Wednesday, May 1, 2013

Hip-Hop, Authority, And Relationships

On Wednesday, Frostburg State University hosted an event called Bust It Open. This program was designed to explain the history of hip-hop and its correlation to the roles that black males play in relationships.

Dr. Derrick Jenkins
This photo was taken from
the  University Of Cincinnati

Dr. Derrick J. Jenkins was the host of the event. Before starting the event, Dr. Jenkins went through his quick background. He began by telling us about his personality when he was a boy. Being the only boy of four, he described himself as the surrogate husband to his mom. Yet he then went on to say, "Authority really wasn't my thing." Which ultimately lead him to military school. (His reasoning for going to this school was that he saw the logo and like the sword that was part of it.) However, Jenkins didn't really like the environmental since all military school is authority. He went on to go to the University Of Cincinnati where he majored in African American studies.

While in college, he and a couple of his buddies decided to join fraternities in order to meet new people. He later went on to talk about how some of these frats that they joined seem to always be at war with each other. "It was the Best and worst thing I've done." What he learned most from joining a fraternity was the role of identity. Jenkins described identity as creating or mirroring an identity created by popular culture. Which is how we segued into the identity created by the popular culture of hip-hop.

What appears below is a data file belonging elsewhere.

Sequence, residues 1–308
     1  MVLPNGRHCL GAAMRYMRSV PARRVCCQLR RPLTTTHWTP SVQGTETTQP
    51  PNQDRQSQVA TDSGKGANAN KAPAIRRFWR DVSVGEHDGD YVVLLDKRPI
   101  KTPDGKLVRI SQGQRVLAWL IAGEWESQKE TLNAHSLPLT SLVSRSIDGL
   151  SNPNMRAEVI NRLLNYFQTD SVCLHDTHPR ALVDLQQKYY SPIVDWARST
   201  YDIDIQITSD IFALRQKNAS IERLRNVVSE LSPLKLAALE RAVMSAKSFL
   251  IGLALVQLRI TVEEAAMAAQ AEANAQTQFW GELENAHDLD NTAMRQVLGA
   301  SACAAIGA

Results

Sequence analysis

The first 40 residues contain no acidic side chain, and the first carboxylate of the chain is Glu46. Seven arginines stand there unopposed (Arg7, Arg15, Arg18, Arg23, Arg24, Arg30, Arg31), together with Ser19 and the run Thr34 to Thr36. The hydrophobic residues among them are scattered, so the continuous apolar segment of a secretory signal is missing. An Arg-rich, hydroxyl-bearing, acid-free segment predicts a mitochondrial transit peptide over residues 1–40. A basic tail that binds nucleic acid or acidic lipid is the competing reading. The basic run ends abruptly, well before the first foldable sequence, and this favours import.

Before talking about hip-hop he asked the audience what a "ratchet culture" is. The audience collectively agreed that these days a ratchet culture is described as ignorant or "ghetto" people. This then lead to the mini-history lesson on the word ghetto and how these days it has been used greatly out of context. When we talked about ratchet culture, Jenkins steered the conversation to the context of hip-hop music and how it can represent a ratchet culture.

"Does hip-hop influence relationships or does it start in the home?" This was an exercise created by Dr. Jenkins. He told us to stand in three sections to express our answer to the question: Agree, Neutral, Disagree. Out of 20-25 people, only 4 people disagreed that how you act in relationships was based on how you were raised and not lyrics. Tony Mancuso said, "It starts with how you're raised. It's through experiences, not music." However, the opposing side had a lot to say. They came to the conclusion that hip-hop is a culture in itself. It forms the way we think. "It started as music or genre to voice oppression." Chris Inskeep was very adamant when explaining that hip-hop was originally how African Americans voiced their opinions and their likes and dislikes. Listening to those likes and dislikes eventually become our likes and dislikes.

The idea that hip-hop is a culture and it affecting our feelings is a prime example or media priming. Media priming is when any mass medium starts to affect our thoughts and feelings. Media Priming is how you decide you have a favorite music artist or actor. While influence does start in the home, it also is affected by anything watched, listened to, or read. Think about the information you're taking in people!

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